In sum, I think the issue may be easier than we make it out. We are not supposed to "make our treasure here on Earth" but to "store up treasure in heaven." By this reasoning, we certainly should not be in the position of owning people.

Perhaps Jesus did not comment directly, but I believe His instruction and his attitude are quite clear in the words that are left to us.

Thank you so much for giving me the opportunity to elaborate on this very important thought. We must never allow a similar system to crop up here again, and justice demands that we work to the best of our ability to abolish this practice wherever it may exist in the world today. Call it what you may--reste-avec, slavery, it cannot but be clear that persons must never be regarded as objects to be owned and used at will.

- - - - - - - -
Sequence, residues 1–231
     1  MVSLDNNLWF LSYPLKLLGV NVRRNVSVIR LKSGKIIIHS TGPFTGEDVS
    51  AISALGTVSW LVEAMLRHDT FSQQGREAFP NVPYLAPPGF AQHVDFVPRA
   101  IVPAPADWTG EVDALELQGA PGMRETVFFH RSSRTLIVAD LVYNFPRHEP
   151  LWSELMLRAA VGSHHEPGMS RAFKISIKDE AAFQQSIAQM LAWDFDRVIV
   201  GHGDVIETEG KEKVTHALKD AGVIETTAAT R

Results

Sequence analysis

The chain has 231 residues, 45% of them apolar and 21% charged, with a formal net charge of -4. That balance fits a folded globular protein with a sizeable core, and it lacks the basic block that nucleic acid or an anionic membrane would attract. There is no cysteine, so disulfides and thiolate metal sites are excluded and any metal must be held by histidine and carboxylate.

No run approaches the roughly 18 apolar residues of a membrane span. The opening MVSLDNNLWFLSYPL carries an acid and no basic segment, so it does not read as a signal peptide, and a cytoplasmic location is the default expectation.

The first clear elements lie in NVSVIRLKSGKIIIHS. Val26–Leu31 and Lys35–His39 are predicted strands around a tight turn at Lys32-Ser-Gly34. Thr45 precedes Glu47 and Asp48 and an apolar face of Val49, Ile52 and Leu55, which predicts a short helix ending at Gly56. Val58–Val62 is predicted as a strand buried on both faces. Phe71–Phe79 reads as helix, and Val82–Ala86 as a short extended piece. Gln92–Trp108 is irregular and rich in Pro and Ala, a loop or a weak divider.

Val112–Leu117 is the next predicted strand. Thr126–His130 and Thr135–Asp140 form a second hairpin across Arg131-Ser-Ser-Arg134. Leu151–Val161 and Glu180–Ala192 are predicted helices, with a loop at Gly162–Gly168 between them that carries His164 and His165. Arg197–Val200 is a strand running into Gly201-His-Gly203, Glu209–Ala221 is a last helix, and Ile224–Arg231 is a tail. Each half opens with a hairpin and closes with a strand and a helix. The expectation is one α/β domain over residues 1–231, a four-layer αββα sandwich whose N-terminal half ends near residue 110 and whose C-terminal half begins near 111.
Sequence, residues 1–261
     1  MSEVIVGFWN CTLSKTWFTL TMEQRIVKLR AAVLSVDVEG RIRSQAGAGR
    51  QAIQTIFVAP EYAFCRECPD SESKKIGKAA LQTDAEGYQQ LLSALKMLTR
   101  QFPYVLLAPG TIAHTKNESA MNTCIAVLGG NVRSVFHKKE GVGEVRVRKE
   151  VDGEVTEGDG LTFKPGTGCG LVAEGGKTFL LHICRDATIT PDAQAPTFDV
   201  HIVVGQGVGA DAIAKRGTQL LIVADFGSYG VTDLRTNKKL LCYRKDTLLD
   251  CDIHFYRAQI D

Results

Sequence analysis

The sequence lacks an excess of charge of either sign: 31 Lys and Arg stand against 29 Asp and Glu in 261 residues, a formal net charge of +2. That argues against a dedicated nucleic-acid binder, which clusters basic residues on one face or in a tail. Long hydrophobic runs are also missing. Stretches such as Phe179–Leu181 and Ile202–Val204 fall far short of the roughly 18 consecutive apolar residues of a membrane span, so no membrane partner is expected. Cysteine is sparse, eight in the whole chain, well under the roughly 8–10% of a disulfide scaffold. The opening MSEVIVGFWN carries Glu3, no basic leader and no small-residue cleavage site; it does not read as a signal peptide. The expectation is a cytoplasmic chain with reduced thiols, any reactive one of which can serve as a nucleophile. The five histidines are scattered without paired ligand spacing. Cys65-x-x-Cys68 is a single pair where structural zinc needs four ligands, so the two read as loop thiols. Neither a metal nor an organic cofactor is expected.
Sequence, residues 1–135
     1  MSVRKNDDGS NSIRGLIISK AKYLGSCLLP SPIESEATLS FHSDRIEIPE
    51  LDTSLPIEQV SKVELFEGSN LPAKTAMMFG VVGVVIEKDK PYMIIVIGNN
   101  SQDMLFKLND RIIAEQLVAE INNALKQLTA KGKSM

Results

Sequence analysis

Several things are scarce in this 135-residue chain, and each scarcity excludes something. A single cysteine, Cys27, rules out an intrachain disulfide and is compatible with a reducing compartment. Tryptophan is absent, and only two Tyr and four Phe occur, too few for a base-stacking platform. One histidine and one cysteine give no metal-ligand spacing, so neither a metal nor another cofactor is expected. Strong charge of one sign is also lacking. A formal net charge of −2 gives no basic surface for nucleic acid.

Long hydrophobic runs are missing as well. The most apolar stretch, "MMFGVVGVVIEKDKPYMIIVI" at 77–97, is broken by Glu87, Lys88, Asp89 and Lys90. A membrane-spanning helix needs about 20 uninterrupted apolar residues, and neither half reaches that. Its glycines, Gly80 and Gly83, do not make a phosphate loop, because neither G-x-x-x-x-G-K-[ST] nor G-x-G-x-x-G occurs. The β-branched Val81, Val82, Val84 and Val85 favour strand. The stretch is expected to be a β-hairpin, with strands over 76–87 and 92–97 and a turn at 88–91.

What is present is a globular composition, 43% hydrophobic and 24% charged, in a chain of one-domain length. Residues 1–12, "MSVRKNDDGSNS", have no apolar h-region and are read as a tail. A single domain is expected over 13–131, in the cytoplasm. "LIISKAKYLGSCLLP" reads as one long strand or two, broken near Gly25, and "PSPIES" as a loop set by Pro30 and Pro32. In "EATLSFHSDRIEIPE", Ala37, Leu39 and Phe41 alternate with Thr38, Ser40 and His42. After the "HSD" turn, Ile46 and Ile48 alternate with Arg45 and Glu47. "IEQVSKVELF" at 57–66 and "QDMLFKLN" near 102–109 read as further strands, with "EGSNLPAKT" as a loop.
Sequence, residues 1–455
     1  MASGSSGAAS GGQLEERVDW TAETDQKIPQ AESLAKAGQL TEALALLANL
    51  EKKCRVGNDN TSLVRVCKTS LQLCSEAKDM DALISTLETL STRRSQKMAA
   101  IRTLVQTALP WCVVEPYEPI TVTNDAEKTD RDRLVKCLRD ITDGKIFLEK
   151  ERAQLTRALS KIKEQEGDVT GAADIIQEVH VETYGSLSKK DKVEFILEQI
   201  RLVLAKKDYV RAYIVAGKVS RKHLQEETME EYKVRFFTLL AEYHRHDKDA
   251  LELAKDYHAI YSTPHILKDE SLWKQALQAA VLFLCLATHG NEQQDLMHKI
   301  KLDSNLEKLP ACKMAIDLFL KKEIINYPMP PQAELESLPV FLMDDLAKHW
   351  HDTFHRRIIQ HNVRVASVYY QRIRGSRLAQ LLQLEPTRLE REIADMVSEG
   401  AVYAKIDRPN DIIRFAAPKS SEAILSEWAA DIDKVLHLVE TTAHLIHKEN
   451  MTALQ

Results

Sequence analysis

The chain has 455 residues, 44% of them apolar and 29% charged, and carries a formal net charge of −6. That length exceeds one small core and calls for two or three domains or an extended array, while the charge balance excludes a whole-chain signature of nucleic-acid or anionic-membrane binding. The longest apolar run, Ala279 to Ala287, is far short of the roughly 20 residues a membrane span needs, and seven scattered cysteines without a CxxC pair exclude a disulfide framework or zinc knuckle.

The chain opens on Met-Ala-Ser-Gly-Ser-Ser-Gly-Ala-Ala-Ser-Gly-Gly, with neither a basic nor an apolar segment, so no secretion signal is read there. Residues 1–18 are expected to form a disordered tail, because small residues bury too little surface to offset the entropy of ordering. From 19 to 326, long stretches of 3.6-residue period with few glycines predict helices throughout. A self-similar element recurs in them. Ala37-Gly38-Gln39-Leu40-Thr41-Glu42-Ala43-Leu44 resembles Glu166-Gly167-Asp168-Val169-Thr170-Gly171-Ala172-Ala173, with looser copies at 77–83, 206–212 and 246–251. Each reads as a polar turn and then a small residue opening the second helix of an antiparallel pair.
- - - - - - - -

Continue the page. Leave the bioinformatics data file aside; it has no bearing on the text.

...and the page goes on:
(By the way, I know that you did not imply any of this in your reply--I do not impute these thoughts to you. But I do thank you.)




I for one do not think that slavery and freedom can be defined by the presence or absence of chains, fences, concentration camps, and other devices that commonly come to mind when these words are used. Such devices delimit forms of physical slavery, which indeed may never exist again in this country, but that is not the only form of slavery. There is slavery that can be mental, emotional, psychological, and against these forms, which are debilitating to the mind and soul if not the body, I think we are still struggling.

We enact laws to proscribe the outward forms of slavery, but our laws are powerless to affect the workings of the human heart. We can prohibit someone from legally owning another, but we have not the means to prevent someone from seeking to subjugate another's will to their own. And conversely, we cannot force freedom on someone who does not fully desire it.